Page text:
March 12, 2015 · 2:30 am
It was a busy day here at Grandin Republic. So busy, in fact, that there wasn’t much time for writing. However, we’ve got a few REALLY EXCITING things on tap in the coming days. Let me tease a couple:
First, we’ve got a story coming about local tech law firms. Hopefully this will point local start-ups in the right direction should they need legal counsel.
Also, I’ll be writing up some interviews with local tech luminaries (a.k.a. “founders”).
It has been a weird week, but I’m excited by everything I’ve already learned. Honestly, I’d do some things differently if I could start all over again, but I wouldn’t know that if I hadn’t started, so I’d almost certainly make the same mistakes again given another chance. Trippy.
Thanks to those few of you who have taken the time to read what has been written so far. I’ll do better next time. Spread the word.
March 11, 2015 · 12:54 pm
We need patent reform. This self-evident proposition is only radical if you happen to be Disney or Microsoft, much the same way only royalty and monarchists believe some men are created more equal than others.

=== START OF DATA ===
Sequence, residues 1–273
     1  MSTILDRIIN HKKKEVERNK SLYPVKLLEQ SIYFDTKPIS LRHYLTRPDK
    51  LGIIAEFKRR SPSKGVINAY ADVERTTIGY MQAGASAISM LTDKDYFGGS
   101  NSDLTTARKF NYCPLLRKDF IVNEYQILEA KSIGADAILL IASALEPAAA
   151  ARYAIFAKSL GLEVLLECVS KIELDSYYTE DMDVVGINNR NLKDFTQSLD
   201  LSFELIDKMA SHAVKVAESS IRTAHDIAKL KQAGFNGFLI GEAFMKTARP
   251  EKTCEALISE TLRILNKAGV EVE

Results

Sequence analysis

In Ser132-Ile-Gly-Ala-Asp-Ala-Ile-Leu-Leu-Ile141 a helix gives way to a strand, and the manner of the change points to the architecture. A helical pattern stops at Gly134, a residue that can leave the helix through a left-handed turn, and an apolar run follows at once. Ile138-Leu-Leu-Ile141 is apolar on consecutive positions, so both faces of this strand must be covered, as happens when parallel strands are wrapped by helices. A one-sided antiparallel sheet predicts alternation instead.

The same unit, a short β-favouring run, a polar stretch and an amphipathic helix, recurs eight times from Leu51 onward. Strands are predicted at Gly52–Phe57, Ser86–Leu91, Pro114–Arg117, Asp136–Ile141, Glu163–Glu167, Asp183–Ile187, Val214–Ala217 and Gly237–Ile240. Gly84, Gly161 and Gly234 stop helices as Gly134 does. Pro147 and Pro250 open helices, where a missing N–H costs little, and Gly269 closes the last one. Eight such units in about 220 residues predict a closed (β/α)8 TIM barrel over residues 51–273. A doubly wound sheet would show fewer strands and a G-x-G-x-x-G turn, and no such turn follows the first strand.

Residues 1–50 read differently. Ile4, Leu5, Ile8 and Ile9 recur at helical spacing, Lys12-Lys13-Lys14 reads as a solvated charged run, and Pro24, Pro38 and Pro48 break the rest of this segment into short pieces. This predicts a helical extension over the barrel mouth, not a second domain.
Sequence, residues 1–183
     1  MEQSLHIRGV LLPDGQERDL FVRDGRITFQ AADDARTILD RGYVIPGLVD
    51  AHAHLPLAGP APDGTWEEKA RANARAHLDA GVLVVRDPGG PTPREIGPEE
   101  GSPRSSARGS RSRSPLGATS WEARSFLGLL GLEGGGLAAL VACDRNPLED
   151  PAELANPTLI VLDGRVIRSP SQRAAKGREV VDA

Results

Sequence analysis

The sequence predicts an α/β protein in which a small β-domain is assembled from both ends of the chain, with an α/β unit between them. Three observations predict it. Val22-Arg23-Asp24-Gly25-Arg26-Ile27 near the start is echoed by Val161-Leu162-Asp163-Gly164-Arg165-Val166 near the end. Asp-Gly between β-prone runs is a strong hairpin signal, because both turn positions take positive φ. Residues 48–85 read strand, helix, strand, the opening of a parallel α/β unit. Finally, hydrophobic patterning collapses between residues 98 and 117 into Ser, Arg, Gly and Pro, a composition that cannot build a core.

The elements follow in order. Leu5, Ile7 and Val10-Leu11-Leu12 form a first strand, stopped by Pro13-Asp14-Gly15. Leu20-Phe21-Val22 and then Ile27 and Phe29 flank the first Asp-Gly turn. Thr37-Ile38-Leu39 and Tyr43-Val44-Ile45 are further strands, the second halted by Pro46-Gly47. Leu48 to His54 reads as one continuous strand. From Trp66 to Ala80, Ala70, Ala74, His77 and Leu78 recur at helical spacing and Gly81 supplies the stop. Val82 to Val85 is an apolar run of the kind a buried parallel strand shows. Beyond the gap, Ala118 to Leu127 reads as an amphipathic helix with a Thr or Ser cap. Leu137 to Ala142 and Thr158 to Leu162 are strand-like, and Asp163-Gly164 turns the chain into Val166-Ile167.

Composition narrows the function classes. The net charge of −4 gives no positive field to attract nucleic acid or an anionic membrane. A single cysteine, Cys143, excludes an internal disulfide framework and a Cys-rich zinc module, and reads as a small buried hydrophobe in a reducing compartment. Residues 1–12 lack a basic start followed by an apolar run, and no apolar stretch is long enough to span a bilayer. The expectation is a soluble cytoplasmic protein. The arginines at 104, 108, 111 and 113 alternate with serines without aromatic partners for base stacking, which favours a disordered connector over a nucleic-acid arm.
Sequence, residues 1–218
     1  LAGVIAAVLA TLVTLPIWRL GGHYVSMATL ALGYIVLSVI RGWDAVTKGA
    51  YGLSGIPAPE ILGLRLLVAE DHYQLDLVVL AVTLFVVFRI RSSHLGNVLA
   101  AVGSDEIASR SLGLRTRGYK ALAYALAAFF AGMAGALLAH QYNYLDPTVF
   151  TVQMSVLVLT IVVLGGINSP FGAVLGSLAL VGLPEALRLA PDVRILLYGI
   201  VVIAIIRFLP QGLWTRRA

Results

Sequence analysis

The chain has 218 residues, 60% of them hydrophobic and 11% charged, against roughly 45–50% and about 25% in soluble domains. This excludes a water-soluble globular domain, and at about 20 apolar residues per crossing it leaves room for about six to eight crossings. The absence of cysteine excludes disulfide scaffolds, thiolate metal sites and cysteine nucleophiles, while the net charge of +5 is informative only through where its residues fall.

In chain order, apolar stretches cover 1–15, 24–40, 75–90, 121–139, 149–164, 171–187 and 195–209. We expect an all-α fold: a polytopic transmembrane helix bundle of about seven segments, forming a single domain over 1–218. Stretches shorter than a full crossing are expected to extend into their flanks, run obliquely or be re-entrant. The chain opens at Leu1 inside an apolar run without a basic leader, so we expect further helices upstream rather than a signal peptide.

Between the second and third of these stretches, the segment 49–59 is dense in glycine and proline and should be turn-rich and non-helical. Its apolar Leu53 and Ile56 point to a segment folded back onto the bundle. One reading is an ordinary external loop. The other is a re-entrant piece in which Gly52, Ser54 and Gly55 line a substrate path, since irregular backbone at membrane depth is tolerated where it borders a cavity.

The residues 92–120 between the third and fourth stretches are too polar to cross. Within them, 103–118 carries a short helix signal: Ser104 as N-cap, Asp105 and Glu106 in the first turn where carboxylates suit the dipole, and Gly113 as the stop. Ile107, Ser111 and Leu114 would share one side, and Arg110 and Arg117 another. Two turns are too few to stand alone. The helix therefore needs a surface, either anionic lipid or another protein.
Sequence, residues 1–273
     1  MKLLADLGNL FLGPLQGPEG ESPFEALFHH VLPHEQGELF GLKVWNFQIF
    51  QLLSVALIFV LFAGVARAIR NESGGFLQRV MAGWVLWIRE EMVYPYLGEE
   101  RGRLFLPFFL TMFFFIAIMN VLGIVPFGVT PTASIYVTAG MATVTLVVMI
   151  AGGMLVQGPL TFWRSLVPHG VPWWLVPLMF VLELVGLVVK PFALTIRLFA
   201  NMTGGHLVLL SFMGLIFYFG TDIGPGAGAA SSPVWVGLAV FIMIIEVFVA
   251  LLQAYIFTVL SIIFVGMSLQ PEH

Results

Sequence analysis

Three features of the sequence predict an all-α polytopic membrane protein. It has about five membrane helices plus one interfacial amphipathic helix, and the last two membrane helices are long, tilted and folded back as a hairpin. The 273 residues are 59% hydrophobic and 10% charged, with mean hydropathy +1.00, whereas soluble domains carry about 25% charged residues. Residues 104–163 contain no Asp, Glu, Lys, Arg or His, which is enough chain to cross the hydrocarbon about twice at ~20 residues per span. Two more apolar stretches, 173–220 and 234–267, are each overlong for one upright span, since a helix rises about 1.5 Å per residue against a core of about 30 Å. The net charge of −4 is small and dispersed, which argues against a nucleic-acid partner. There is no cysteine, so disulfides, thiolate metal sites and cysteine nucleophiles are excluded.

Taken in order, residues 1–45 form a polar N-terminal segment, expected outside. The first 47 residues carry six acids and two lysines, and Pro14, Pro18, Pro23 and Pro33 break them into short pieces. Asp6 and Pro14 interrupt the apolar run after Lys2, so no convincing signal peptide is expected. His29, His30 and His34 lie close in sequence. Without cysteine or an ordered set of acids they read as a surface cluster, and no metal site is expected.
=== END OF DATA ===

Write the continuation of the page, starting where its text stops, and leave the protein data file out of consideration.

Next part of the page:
This is said in light of a jury’s decision that 2013’s biggest hit, “Blurred Lines,” was an unauthorized copy of Marvin Gaye’s 1977 hit “Got To Give It Up.” Did Pharrell and Robin Thicke create their crappy song by pirating Gaye’s earlier work? That ancillary question truly misses the real injustice here, which is the perversion of copyright to punish innovation.
Ask yourself, instead, why the children of Marvin Gaye would deserve to profit in any way from music they didn’t create.
Then ask yourself how this passage from the United States Constitution,
“To promote the Progress of Science and useful Arts, by securing for limited Times to Authors and Inventors the exclusive Right to their respective Writings and Discoveries” (Article I, Section 8, Clause 8)
could be deemed in any way at all to confer perpetual rights on the heirs of a singer/songwriter, even a really great one.
“Right now, I feel free,” Nona Gaye is quoted by USA Today as having said after the verdict. Yeah, I bet it would be freeing to be given $7 million I didn’t have to do a single thing to earn.